What is newsworthy?

BMJ 2002; 325 doi: https://doi.org/10.1136/bmj.325.7367.774/a (Published 05 October 2002) Cite this as: BMJ 2002;325:774

Bad news from research really is headline news

  1. Lesley Fallowfield, director, Cancer Research UK. (l.fallowfield@biols.susx.ac.uk)
  1. Cancer Research UK Psychosocial Oncology Group, Brighton and Sussex Medical School, University of Sussex BN1 9QG
  2. London NW11 6PT

    EDITOR —The article by Bartlett et al highlighting the apparent unwillingness of newspaper reporters or their editors to headline good news stories made unsurprising but disappointing reading.1 It mirrored my own impressions and experiences of television and radio reporting about doctors' communication skills. I have lost count of the mumber of times my group is contacted by reporters wanting examples of poor rather than good doctor-patient communication.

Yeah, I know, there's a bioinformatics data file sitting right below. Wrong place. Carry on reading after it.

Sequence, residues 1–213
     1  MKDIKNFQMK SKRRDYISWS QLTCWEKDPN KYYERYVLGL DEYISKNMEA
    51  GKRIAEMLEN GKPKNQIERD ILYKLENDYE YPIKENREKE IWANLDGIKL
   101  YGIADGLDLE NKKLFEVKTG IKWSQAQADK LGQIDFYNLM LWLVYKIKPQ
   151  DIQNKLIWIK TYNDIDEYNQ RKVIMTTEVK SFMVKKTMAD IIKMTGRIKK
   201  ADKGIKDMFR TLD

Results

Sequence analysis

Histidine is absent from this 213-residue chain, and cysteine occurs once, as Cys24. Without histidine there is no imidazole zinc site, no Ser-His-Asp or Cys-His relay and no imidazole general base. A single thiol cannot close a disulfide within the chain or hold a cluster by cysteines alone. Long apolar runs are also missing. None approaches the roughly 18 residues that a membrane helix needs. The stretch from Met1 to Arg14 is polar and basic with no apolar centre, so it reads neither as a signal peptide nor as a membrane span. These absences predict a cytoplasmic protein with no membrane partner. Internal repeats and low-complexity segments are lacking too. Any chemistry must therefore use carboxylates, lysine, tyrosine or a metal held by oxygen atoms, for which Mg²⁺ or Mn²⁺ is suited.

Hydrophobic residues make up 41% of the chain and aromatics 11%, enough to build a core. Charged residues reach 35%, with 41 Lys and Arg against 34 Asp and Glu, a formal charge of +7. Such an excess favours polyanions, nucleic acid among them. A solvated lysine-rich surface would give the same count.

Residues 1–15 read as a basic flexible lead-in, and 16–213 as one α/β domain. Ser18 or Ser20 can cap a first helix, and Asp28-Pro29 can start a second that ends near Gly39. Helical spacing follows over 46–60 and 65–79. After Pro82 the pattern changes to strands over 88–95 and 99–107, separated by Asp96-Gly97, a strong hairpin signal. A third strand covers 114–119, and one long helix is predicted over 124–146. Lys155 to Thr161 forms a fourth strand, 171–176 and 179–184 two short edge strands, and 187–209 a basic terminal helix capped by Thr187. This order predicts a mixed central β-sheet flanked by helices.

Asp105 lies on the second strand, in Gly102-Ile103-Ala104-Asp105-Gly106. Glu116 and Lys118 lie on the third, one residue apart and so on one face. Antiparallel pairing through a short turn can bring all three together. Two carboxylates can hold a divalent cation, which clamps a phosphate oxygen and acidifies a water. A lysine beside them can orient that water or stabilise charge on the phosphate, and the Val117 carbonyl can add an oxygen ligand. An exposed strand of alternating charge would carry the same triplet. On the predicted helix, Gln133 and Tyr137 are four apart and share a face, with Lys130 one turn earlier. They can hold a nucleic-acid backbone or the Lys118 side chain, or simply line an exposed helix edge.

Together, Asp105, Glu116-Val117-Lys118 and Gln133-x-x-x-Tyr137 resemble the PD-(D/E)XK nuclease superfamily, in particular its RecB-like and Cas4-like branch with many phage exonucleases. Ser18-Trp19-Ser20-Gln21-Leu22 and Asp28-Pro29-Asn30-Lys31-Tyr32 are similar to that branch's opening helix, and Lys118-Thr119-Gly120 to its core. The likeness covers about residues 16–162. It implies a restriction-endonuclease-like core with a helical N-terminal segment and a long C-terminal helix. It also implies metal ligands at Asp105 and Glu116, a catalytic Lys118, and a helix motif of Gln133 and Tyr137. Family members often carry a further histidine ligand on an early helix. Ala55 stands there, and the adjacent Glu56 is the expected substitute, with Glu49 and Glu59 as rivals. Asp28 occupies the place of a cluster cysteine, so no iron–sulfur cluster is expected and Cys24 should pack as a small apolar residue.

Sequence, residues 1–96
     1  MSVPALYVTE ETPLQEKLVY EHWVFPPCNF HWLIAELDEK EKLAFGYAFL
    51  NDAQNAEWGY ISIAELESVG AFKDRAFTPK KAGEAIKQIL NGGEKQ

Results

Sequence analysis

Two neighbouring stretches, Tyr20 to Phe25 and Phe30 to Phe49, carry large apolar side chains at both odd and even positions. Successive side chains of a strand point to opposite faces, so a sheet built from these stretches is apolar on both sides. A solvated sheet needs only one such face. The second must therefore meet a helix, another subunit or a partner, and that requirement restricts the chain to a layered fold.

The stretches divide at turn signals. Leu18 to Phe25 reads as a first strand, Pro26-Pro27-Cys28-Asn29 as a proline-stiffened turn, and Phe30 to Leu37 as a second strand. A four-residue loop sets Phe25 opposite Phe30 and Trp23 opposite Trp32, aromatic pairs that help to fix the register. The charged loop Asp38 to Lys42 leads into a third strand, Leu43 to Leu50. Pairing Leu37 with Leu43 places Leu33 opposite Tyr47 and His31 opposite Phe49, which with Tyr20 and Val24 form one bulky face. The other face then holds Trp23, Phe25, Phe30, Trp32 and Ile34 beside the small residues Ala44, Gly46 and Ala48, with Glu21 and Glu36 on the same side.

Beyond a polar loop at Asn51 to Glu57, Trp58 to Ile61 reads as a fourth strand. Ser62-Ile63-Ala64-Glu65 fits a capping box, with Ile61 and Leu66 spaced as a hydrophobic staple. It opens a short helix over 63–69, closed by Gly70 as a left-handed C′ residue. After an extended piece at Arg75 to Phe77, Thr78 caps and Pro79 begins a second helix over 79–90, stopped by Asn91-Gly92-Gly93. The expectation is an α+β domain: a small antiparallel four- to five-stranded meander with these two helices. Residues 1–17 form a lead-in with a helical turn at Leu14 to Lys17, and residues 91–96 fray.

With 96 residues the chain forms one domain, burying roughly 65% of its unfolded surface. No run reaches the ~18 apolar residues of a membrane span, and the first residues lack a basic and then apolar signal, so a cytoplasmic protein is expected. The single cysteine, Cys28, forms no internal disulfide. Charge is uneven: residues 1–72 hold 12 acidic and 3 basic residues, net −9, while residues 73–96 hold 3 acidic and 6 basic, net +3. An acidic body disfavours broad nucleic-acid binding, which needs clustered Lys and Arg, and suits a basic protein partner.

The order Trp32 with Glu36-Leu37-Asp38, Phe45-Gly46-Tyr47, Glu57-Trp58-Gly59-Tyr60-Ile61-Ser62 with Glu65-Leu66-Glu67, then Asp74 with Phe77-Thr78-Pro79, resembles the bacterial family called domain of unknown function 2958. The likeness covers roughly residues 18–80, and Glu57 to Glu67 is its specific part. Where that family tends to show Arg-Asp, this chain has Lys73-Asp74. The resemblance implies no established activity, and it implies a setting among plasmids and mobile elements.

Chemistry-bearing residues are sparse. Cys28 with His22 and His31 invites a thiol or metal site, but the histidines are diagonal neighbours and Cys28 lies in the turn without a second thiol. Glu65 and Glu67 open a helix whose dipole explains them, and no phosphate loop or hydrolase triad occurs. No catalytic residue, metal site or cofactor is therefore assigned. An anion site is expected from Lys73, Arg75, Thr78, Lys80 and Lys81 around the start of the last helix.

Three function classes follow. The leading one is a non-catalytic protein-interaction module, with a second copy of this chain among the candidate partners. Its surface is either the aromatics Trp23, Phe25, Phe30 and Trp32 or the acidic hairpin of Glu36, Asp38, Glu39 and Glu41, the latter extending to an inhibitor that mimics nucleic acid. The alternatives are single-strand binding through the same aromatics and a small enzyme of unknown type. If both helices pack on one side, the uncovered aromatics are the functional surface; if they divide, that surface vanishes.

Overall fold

The worst example of this was a press release in February this year about a randomised controlled trial we had published in the Lancet.2 The paper showed the efficacy of a communication skills course for oncologists in 34 cancer centres throughout the United Kingdom involving over 2400 …

    View Full Text

    Log in

    Log in through your institution


    * For online subscription